I notice a lot of my peers who work in PR or social media let their own websites or social media accounts fall by the wayside because they are busy managing the presence of their clients or companies. I totally get that- after all, social media is a major part of my full-time job and it is certainly time-consuming. It’s obviously super important to go above and beyond at work to do a good job, but it’s also important to maintain your own presence and dream.
A job can be taken away with the snap of a finger, but your personal brand and reputation will be with you forever. Striking that balance between excelling at your full-time job and maintaining your own dreams/ambitions on the side can be tough to find, but I’ve personally found that it is completely worth it to invest in your own future.
4. “The smartest 20-somethings (and 30-somethings and beyond) build their own businesses on the side, creating new opportunities for themselves while still gaining skills, contacts and money from their day jobs. It allows you to fail without as much risk.”
Yes, yes and yes. Alexis was one of the people who actually encouraged me to pursue my side business a few years back, so I can absolutely agree with this advice.
I truly feel that I have the best of both worlds right now; I have a full-time job that I love and that provides a steady paycheck and stability, but I’m also able to pursue other passions, develop new skills and make extra income on the side through my freelancing.
And like Lexi says above, because I have the comfort of my paycheck every two weeks, I’m able to be a little more risky with my freelance business and take chances on things I might not otherwise do if I was relying on my blog/freelance biz as a primary source of income.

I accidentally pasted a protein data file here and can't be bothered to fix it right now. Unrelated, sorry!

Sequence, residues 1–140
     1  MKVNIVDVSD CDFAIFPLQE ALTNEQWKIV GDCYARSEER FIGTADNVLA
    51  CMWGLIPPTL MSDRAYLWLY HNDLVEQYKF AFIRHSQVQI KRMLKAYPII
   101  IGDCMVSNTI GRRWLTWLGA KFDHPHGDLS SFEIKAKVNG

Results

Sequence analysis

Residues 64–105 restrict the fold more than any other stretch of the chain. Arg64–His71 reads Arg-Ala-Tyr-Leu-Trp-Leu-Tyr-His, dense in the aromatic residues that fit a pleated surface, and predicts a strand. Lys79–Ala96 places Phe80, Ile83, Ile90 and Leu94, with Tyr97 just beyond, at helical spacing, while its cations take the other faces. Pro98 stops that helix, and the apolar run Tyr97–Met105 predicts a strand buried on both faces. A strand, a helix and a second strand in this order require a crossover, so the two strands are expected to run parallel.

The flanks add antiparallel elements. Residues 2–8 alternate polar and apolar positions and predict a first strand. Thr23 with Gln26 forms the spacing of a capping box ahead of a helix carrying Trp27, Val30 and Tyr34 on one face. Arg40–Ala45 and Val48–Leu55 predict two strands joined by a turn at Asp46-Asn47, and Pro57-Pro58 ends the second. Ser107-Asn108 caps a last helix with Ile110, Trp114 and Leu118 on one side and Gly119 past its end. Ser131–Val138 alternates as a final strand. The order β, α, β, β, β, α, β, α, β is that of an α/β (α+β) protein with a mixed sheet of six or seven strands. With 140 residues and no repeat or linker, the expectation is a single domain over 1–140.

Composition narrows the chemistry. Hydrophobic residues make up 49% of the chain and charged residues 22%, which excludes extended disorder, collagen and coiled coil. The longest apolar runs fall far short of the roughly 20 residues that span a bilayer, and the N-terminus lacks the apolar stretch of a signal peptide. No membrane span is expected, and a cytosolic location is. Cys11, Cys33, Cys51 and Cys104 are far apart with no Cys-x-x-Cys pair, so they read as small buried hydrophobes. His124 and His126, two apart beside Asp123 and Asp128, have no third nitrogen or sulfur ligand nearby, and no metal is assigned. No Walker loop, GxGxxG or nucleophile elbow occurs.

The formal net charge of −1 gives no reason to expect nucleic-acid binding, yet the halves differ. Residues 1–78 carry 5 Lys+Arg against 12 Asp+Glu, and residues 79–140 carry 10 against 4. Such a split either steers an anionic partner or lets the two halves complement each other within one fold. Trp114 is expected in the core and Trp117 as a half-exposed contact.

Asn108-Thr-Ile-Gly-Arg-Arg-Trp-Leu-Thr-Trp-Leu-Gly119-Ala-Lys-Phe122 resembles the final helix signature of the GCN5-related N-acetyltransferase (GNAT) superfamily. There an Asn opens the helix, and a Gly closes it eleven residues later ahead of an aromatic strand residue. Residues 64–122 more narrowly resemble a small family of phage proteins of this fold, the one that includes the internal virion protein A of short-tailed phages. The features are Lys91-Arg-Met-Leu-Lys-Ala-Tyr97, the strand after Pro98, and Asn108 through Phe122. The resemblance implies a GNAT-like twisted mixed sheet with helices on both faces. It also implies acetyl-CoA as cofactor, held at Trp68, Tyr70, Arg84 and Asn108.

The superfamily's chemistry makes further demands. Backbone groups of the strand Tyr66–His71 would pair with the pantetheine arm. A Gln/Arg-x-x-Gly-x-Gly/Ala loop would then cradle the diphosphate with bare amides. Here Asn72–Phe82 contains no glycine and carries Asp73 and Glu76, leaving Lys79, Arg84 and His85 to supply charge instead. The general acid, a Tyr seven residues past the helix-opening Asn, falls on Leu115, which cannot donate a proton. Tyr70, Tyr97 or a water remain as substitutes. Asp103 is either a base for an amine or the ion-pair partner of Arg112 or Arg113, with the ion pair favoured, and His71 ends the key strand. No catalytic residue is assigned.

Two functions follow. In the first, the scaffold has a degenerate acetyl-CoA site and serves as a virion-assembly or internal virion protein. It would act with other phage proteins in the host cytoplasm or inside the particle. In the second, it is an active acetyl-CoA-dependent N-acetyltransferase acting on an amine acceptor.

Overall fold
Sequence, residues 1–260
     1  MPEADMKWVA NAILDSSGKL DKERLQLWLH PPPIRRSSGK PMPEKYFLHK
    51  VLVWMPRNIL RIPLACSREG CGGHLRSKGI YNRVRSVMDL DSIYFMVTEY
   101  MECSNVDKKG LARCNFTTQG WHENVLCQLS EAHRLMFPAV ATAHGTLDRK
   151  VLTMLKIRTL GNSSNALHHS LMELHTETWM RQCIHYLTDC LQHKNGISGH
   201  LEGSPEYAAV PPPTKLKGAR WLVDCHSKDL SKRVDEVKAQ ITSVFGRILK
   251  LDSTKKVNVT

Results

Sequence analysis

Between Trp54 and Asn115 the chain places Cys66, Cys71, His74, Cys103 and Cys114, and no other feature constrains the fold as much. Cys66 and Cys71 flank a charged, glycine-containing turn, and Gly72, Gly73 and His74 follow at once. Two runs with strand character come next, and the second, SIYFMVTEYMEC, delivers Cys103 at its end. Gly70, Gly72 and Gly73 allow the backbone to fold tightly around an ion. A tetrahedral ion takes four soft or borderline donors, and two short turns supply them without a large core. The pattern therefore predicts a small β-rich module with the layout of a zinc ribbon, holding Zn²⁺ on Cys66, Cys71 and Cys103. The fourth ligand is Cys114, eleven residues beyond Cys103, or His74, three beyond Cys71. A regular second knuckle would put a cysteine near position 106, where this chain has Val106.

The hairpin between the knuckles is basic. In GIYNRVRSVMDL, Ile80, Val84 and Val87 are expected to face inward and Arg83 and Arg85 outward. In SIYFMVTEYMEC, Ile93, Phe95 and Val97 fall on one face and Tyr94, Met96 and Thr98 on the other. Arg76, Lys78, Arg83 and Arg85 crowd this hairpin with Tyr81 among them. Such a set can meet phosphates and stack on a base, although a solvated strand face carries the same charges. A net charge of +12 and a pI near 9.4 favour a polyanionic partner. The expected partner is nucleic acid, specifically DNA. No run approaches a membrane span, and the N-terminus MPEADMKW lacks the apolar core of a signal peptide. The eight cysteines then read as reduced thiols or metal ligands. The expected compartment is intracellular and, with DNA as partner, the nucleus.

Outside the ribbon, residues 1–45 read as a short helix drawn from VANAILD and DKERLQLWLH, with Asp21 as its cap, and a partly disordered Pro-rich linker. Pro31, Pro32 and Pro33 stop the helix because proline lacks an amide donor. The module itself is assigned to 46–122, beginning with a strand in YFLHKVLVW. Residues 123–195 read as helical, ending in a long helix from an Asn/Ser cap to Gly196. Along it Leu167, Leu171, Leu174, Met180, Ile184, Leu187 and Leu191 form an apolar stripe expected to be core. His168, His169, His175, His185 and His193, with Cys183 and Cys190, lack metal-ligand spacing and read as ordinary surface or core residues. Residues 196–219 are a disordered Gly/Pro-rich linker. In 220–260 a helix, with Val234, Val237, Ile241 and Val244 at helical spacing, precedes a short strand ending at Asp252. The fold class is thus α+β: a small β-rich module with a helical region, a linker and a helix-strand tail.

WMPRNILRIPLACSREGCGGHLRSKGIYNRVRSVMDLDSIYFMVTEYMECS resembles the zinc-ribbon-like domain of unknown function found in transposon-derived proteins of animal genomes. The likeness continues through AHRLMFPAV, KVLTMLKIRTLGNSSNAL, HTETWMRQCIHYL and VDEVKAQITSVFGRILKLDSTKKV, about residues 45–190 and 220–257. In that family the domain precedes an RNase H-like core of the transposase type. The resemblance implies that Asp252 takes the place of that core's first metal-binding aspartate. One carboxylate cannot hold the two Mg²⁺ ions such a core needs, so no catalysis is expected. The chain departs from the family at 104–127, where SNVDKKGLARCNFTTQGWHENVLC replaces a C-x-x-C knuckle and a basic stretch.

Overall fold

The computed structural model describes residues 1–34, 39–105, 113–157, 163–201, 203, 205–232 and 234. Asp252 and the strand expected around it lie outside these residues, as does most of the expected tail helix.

5. “Turning the right way off the bat is best, but turning the wrong way can be a huge learning experience. And taking a detour is better than not moving at all.”
Similar to takeaway #2 above, we often can be paralyzed into inaction by fear.
I love Lexi’s advice here that making mistakes and getting away from your dreams at times can help you get back on the right track. In this chapter, she says, “When in doubt, guess.” There’s no point in standing still wondering what’s next when you can continue moving forward, even if that forward motion takes you to an unpaved side road.
And who knows? While you’re on that detour (I like to think of detours as adventures!), you may even discover a new passion or skill set you never even knew you had.
6. “Sometimes, listening to your gut is the only way to differentiate between fear that’s keeping you alive and fear that’s preventing you from really living.”
One of my three words for 2014 is instinct and a lot of instinct comes from listening to your gut, so I really appreciate Lexi reiterating just how important your gut reactions really are.
Lexi talks about the difference between good fear and bad fear- admittedly, this is something I’ve really been grappling with lately. It’s challenging to figure out the difference between being scared and knowing what you really want, but when in doubt, listen to your gut because it’s usually right.
Alexis is like the mentor you’ve always wanted- that person who supports you in your goals 100 percent and helps you develop a plan to get there. That’s exactly what “You Deserve To Love Your Job” does. A must-read for all those seeking inspiration in their careers (and lives).
What are your thoughts on some of the above passages and takeaways? Would love to hear them in the comments!
*Disclosure: Alexis Grant provided me a review copy of this book prior to its release on Amazon. All (gutsy) opinions are my own.